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In your opinion, have we reset the clock?
Old 05-11-2018, 07:30 AM   #1
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In your opinion, have we reset the clock?

Hi all,

There seems to be a fairly prevalent belief that the US stock market goes in bull / bear cycles.

There also seems to be a belief - perhaps less common - that bull markets can "get long in the tooth" or "get tired". This has the usually unspoken implication that a bear market needs to occur in order to start a new bull market.

It seems pretty clear to me that if we had a 25% decline over the course of the next two years and then the market started upwards again, that most people who hold those two beliefs mentioned above would mark it as the start of a new bull market.

On the other hand, a 1% decline over the course of a few days is clearly not enough to mark the end of one bull market and the start of another.

I'm curious whether folks here think that the activity in the US stock market since late January constitutes enough of a decline over a long enough time that, if the market were to begin to go up again, you would consider it the start of a new bull market rather than the continuation of the old one.

I'm familiar with the definitions of bear markets and recessions, and I could go look up the percent declines in the various market indices, so I don't really need anyone to go into that.

More broadly, what criteria would be sufficient to you to demarcate the end of a previous bull market and the beginning of a new one? A bear market? A recession? An inversion of the yield curve? Investor sentiment? Unemployment or inflation? Sector rotation into consumer staples and utilities? Technical analysis? Feelings ("I'll know it when I see it")? Other?

In other words, what X would make you say, "After I see X, if the market goes up it's the start of a new bull market and not the continuation of the previous one?"

[Mods, if this belongs better in the stock picking forum, feel free to move. Thank you!]
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Old 05-11-2018, 07:34 AM   #2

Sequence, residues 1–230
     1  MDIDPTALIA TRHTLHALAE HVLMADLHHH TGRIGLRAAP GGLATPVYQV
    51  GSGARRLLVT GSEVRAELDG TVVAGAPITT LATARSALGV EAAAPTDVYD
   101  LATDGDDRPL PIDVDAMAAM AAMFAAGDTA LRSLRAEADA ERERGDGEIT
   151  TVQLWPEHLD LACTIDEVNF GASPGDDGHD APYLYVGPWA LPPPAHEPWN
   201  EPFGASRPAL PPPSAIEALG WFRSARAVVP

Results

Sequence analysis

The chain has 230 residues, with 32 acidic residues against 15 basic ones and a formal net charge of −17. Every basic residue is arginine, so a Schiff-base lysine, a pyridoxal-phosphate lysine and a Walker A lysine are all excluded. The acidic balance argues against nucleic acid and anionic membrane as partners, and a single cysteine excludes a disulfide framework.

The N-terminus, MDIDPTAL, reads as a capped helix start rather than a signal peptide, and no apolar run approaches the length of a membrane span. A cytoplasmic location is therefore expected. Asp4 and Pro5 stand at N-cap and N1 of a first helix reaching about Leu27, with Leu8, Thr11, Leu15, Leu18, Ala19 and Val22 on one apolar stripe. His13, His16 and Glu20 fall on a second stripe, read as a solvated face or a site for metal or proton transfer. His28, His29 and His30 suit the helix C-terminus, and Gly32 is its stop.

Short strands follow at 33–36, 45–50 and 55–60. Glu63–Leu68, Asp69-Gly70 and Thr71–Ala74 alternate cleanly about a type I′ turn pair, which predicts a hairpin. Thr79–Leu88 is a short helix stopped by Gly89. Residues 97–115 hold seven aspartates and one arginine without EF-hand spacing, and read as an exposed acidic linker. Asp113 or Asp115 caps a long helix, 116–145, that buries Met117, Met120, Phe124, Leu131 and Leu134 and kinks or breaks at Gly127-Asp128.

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These things are defined. A bull is a generally long run-up. A bear is when the market drops by 20% or more (a "correction" is 10% or more), with bears generally being much shorter than bulls. By those definitions, we had a correction, but the bull runs on.

Since you're asking board opinions... Bull? Bear? Who cares? Either way is short-term.
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Old 05-11-2018, 07:51 AM   #3
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... Since you're asking board opinions... Bull? Bear? Who cares? ...
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Old 05-11-2018, 07:53 AM   #4
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Curious: Why is this question important?
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Old 05-11-2018, 08:06 AM   #5
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How you define these things is going to depend on your own personal experience with them. That, and given enough time, your perspective on these things will change.

As for the bit of turmoil that happened earlier this year? Well, I think at one point I was up almost 5% in January, but that got wiped out, plus a small portion of 2017's gains, in February. So, at the time it seemed like a big deal...although a 5% gain in less than a month isn't something you should expect to be entitled to...

However, once February closed out, and then March, and then April, that turmoil seemed like more of a hiccup, than a heart attack. And now, as of last night's close, I'm up about 3.8% for the year, it seems like a non-event. In a year, I probably will have forgotten about it.